One teacher deserves two apples on tree

Kump Education Center continues to add apples to the wooden tree in our learning lab to honor beloved schoolteachers. This week we honor a teacher who has been nominated by two donors because his individual tutoring made such a difference in the lives of two students. This amazing teacher and friend of fearful learners is K.J. Shaffer who also serves as the president of the Kump Education Center Board of Directors.

Judy Guye-Swanson who also serves on the KEC Board wrote the following: “I would like to nominate K.J. Shaffer as an Apple for the Teacher tree. He was so kind and empathetic with my grandson in a particularly hard time for my grandson and family a few years ago. He made my grandson feel comfortable … and seemed to bond with him. He is a special person and has a caring and warm heart.”

Donna Fleming also nominated K.J. Shaffer for this apple for the teacher award, and she has been donating to KEC in appreciation for his tutoring that her daughter has been given over the last several years. K.J. started tutoring Annie when she was in high school. Her mother wrote that “he helped her through some serious math classes” at Highland Adventist School. Later when Annie was preparing for the Graduate Record Exam, K.J. helped her and she did very well. Now Annie Fleming has finished graduate school and is moving along with her career.

I have known K.J. Shaffer since his days at Davis & Elkins College when he was training to become a math teacher. Although he was a gifted student in math and used his excellent skills in technology to pay his way through college, he did not seek a higher paying career. He was one of those rare people who wanted to teach students who struggle to learn math. His first teaching jobs were at the Mountain School and the WV Children’s Home.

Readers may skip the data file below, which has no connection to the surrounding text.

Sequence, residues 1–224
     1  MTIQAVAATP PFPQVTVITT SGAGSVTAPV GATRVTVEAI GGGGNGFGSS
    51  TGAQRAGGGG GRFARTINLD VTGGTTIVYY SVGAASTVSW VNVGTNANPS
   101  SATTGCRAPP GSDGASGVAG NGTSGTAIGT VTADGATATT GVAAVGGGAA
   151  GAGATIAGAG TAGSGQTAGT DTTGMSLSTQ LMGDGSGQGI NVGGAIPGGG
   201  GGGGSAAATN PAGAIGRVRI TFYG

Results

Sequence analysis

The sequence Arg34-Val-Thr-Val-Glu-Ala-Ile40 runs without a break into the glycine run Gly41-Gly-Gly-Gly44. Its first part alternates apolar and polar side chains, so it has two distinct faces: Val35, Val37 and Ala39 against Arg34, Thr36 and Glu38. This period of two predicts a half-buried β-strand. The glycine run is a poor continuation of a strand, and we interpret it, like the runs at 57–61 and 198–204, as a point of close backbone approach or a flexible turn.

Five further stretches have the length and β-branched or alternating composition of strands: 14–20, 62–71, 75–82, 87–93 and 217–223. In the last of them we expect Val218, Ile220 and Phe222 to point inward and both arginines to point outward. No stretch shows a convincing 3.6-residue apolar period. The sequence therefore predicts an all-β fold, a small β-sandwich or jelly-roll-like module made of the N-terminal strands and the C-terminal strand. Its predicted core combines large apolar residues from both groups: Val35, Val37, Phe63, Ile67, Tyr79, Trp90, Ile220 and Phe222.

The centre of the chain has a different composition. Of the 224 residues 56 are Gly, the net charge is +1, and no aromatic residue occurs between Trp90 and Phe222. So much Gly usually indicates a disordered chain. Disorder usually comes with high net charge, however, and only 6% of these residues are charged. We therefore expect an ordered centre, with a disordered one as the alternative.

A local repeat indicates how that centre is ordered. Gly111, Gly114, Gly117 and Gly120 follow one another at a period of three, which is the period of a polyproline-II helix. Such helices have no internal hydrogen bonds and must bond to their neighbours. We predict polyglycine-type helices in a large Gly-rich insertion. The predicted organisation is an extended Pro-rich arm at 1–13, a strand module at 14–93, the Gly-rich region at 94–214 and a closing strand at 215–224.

In these institutions he was teaching some of the most challenging students in the state. There he learned to gain the trust of his students before trying to instruct them. He told me that he was trained not to stand over a student in such a way that the student felt trapped in the desk. He should sit down and look the student in the eye to create a culture of trust. These students had not enjoyed relationships where adults treated them like intelligent human beings.

Often they had been abused by parents, belittled by teachers, and entrapped by law enforcement officers. K.J. learned to help students overcome their fear of failure by developing a habit of small successes. They learned to work for small goals and meet their own expected outcomes.

Small successes lead to greater successes as students gained a sense of self-confidence and lose the fear of failure. They realize that they can do math by understanding it one step at a time.


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